Thursday, January 11, 2018

Tolerance Yes – Celebration No

Dr. Saundra Epstein, director of the Welcoming Shuls Project. (NJJN)
My apologies to Rabbi Geretz for misleading readers about his actual view with respect to Miskhav Zechor. The implication in the post as originally written was that he permitted it. I have had communications with him  about this. He is clear about it being completely forbidden.  I am truly sorry for this error and any anguish I caused him. The post has been corrected to eliminate any such implication. - HM

Rabbi Daniel Geretz is one of a handful of YCT (Yeshivat ChoveveiTorah) ordainees whose compassion for every human being has translated into questionable religious tactics. I have had a few e-mail exchanges with him and am 100% convinced of his sincere intentions and the belief that such tactics are in line with the will of God. This seems to be a common characteristic of YCT graduates. They place human dignity on a very high level. Which is indeed the will of God.

But there are instances where specific attempts at human dignity are clearly not in that spirit. How, one may ask, is that possible that treating a fellow human being with dignity is not in the spirit of what we know of God’s will? The answer is when God clearly expresses that the common behavior of an individual violates His word. 

Honoring a loving relationship where that love is often expressed by behavior that is clearly forbidden by God as recorded in the bible is an obvious case like that. Rabbi Geretz’s misplaced compassion appears to override that. An article in the New Jersey Jewish News quotes him saying the following: 
“I can’t wrap my head around a refusal to wish a mazal tov to a gay or lesbian couple following a same-sex commitment ceremony.” He feels saddened when Jews who self-identify as Orthodox can’t find an Orthodox synagogue where they feel comfortable.  
Compassion does not mean celebrating a forbidden relationship.  But that is precisely what the LGBT community is asking for. And Rabbi Geretz in a sincere attempt to show human dignity to a homosexual couple by celebrating their union is clearly wrong.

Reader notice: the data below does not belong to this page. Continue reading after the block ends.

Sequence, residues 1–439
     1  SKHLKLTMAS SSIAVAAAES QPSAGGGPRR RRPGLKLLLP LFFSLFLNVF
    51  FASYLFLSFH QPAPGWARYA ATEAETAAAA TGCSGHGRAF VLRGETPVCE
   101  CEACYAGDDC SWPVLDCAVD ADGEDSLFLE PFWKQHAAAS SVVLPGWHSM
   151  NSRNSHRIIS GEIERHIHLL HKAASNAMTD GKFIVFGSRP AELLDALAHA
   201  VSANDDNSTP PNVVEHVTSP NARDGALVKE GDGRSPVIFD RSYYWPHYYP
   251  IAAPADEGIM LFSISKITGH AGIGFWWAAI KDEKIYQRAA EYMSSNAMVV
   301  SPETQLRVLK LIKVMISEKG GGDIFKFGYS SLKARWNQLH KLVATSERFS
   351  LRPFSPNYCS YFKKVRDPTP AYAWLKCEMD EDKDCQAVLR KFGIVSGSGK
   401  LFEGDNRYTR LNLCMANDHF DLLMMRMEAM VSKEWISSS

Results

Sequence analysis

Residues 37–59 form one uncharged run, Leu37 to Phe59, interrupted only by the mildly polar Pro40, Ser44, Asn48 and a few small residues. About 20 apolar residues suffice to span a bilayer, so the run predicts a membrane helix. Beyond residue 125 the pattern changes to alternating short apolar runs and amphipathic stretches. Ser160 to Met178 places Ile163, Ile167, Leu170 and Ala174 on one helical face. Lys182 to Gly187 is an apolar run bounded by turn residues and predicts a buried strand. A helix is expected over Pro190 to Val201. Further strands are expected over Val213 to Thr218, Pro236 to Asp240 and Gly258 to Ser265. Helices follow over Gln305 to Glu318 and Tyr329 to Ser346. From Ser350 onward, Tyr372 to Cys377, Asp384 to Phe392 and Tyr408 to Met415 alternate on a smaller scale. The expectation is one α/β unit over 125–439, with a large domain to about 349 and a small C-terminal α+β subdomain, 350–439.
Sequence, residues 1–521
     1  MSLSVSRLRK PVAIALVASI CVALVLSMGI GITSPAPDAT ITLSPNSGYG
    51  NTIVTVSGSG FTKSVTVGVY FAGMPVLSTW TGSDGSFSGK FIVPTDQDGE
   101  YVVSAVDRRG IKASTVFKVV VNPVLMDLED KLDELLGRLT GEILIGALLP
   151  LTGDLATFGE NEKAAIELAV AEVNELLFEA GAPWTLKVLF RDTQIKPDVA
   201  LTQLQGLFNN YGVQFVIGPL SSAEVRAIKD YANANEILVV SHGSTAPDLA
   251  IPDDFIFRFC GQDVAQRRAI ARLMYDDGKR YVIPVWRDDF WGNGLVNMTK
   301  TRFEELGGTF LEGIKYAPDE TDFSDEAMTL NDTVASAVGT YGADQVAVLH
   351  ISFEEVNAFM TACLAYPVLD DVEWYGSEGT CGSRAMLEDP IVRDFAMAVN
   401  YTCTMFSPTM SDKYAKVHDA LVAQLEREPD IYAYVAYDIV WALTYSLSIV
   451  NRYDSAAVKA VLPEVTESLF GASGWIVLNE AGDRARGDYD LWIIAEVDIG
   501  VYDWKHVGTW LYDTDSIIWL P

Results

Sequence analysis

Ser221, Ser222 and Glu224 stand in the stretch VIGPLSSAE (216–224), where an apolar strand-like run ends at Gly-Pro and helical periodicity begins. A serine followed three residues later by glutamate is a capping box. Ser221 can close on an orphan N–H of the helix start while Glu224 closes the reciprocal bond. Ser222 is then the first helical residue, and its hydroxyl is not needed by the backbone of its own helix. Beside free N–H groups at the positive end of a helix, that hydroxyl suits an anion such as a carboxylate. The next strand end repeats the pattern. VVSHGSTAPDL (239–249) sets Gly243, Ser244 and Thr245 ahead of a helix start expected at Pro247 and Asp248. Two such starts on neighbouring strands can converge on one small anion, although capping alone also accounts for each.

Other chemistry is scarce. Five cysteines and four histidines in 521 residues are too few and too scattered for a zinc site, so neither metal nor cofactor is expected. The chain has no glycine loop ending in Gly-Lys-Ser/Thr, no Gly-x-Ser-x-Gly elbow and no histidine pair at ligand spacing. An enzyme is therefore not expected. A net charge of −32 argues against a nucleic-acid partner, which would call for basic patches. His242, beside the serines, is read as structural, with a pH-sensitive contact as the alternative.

This of course does not mean we ostracize gay or transgender people. But neither does it mean we celebrate a situation that invites opportunities to commit serious violation of Halacha. If you are a Jew, believe in God, and that His will is recorded in the Torah - you cannot have it both ways. There has to be a limit to what can and cannot be celebrated in a Torah oriented community. If a union between 2 people is forbidden it is the height of absurdity to publicly congratulate people who are involved in it.

Rabbi Geretz is not the first or only one to do this. It was done not long ago in the Shul of YCT founder Rabbi Avi Weiss. In a published announcement they celebrated the engagement of a homosexual couple right along with the engagement of heterosexual couples. (They have since removed that announcement and promised not to do it again after being admonished by the OU).

Rabbi Geretz remains undeterred. As does all the of the other synagogues that are participating in a new LGBT initiative for its Orthodox members. It’s called The Welcoming Shuls Project (WSP). This is a program that seeks gay friendly Shuls that are welcoming to gay people and their families.

According to the article there are 103 Orthodox Shuls across the country that have signed on to the program. However, it appears that most of them do so surreptitiously - fearing repercussion from mainstream Orthodox institutions such as the OU.

I believe they are right to fear repercussions. Because it is obvious from this article that WSP is more than about welcoming gay people into their shuls. It is about celebrating them.

I have said many times in the past that we are obligated to treat every human being with dignity, regardless of who they are attracted to. If an individual has a same sex attraction, it is their business. As long as people don’t make their sexuality a public issue, they ought to be welcomed unto a Shul. But if they do make it public - that ought not be celebrated. 

Because celebrating it is in essence celebrating a sinful relationship. I think that is the goal of programs like WSP mirrors the goal of the LGBT community. They do not seek only compassion and understanding. They do not only acceptance. They seek to normalize forbidden homosexual sex making it equivalent to permitted heterosexual sex. In a world that does not place much value on biblical teachings, that makes sense. Why, after all, would anyone see a problem in any kind of consensual sex between 2 consenting adults?

If, however, one does value biblical teachings as God’s will - then one has to consider that to be the primary consideration, regardless of the compassion and understanding one might feel about it otherwise.

This is where many well intended left wing rabbis fail. Their compassion is so overwhelming that they are nearly blinded to biblical injunction. When confronted with it some have tried to interpret that injunction out of existence with extreme rationalizations about what the Torah actually means – turning that injunction on its head and - in practical terms - permitting the forbidden.  All in the name of a misplaced expression of human dignity.

I therefore continue to protest this new push to celebrate gay unions. Even as I understand the good intentions behind it.